Among the successful merchants at Montour, J.C. Millard stands conspicuous.  He came to the place in 1871, and at first taught school and also gave instruction in music. Subsequently he clerked in a store, but in 1876, he came to the conclusion that he would engage in business for himself. Starting with a capital of $100, he purchased the stock of Frank Pierce, which invoiced about $600, and with this opened up business. He was a young man and met with much opposition from older merchants; but he attended strictly to his own business, dealt honorably with all, and soon became the leading merchant in the town. He has enlarged his store room and now carries a stock which invoices over $5,000. He does a large credit business, as his books show nearly $6,000 in accounts. His success is due to his energetic abilities and fair dealing with his customers. Mr. Millard was born in Dane county, Wisconsin, on the 31st of October, 1845. His parents were J.P. and Catherine (Collins) Millard, both natives of New York.  There were nine children in the family, seven of whom are now living: Susan, now Mrs. Joseph Emerson; Mary, now Mrs. John O'Connor; Helen, now Mrs. H.S. Swift; Loretta, now Mrs. Walter Park; Q.C., W.A. and O.P. Q.C., while living in his native State, attended school at Albion Academy. In1868, he entered Alfred University at Alfred Center, New York, where he graduated in 1871. On July 16, 1873, at Tama City, Rev. L. Catlin solemnized his marriage with Miss Lydia Swift, daughter of A.B. and Mary Ann (Eastman) Swift. They have four children, three of whom are now living: Omer, Lolo Maud and Isaac C. Mr. Millard is a member of the Methodist Episcopal Church and for seven years has been Superintendent of the Sabbath-school. In March, 1883, Mr. Millard purchased the store building formerly owned and occupied by L. Matthews, and now has one of the best store-rooms in Tama county.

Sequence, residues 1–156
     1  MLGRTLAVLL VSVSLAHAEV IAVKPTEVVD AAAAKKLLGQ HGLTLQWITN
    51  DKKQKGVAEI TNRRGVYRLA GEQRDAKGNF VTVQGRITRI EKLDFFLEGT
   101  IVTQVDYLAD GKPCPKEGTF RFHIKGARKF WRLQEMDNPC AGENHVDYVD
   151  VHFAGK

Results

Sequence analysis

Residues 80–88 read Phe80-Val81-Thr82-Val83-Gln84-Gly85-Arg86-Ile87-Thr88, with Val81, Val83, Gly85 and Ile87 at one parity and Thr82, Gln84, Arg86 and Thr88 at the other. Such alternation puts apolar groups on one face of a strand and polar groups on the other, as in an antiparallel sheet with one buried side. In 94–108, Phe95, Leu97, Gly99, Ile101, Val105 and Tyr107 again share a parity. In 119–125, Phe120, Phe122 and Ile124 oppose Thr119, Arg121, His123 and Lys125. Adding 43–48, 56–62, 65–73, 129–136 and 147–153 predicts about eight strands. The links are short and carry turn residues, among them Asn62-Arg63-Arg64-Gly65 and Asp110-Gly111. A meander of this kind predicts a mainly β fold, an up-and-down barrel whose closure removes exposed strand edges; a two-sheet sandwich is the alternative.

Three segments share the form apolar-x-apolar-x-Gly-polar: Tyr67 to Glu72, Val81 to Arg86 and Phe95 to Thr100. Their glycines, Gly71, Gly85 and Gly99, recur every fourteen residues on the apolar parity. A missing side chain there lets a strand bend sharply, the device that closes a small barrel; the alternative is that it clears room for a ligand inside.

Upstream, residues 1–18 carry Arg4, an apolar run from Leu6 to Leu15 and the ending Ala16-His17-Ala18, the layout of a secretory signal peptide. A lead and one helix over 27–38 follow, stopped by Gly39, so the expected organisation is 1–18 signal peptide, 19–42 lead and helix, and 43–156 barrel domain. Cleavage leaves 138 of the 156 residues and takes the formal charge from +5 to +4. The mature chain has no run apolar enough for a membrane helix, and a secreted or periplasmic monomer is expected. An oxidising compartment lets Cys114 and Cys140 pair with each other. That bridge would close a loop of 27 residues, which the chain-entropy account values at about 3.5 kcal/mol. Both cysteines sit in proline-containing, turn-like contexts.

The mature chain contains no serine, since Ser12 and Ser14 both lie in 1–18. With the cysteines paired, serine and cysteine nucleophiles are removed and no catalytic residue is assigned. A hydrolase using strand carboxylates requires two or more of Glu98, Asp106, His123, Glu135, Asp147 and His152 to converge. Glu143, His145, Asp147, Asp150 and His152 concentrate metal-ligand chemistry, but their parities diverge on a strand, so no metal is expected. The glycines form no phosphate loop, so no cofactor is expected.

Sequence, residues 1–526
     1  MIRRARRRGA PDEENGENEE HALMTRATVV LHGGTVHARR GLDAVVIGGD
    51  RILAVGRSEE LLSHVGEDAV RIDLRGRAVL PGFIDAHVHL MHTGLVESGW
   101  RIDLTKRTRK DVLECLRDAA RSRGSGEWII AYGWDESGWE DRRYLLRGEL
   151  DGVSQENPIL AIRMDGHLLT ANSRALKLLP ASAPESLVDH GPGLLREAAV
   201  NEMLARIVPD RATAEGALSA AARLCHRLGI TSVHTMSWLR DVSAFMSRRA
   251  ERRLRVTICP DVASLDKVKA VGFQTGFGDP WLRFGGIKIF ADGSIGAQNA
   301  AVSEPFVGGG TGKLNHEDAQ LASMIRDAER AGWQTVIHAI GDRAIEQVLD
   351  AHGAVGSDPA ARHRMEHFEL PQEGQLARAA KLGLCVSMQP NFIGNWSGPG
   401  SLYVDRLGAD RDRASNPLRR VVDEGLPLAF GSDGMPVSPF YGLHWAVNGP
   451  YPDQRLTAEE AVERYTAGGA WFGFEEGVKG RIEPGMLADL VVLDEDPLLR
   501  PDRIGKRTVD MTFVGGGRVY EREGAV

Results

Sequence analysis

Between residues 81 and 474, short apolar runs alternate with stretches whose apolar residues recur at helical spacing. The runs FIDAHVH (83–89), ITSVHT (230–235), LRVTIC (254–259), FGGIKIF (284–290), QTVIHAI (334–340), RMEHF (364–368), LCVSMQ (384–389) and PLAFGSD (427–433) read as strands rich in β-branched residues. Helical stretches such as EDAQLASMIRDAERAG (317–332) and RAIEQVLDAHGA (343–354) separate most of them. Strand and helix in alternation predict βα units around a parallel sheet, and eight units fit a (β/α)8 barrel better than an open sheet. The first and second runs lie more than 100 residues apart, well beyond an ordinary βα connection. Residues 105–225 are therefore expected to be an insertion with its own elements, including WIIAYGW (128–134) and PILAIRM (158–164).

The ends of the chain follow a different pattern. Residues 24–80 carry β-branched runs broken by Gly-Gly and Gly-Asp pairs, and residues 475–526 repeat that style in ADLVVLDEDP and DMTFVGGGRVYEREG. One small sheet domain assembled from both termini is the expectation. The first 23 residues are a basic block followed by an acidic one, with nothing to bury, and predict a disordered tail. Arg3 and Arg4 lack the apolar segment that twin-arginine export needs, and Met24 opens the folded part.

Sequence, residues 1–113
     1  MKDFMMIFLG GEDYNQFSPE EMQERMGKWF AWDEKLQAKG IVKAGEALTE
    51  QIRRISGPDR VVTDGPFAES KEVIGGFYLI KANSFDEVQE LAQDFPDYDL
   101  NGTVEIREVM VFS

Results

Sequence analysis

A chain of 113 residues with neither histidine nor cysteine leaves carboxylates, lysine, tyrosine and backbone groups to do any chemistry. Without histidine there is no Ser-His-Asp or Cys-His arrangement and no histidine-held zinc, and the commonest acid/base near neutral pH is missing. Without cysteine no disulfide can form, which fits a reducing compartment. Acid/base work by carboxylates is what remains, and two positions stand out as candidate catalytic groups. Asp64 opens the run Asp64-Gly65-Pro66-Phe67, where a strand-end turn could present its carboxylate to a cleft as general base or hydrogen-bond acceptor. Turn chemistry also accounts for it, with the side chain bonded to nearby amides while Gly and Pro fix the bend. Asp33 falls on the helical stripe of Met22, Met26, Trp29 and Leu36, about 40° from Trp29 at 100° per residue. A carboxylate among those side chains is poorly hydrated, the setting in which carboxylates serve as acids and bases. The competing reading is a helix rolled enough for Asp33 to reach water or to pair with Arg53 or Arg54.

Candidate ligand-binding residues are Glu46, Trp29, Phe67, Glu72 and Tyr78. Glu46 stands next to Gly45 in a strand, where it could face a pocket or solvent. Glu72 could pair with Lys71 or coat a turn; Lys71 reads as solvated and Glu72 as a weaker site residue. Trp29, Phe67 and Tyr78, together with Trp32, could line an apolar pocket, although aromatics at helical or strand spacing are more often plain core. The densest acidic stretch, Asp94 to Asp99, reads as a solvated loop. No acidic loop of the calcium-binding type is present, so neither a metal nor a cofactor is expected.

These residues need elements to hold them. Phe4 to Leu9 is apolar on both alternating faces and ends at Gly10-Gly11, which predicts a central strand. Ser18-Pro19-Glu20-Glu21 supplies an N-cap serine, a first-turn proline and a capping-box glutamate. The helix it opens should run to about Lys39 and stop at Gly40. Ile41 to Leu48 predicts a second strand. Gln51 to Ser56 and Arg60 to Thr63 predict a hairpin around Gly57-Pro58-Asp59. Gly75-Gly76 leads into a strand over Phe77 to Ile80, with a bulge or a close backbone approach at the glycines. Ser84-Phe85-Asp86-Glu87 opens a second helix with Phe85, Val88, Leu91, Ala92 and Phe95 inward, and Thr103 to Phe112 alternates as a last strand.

In 1854, Edward Ruggles and John Moore erected a building, and about October1, opened the first general mercantile business in the township. They conducted the same under the firm name of E. Ruggles & Co., until the death of Mr. Moore, in 1859, after which Mr. Ruggles continued alone until 1865.

 

The second store was opened some years subsequently by Isaac Butler.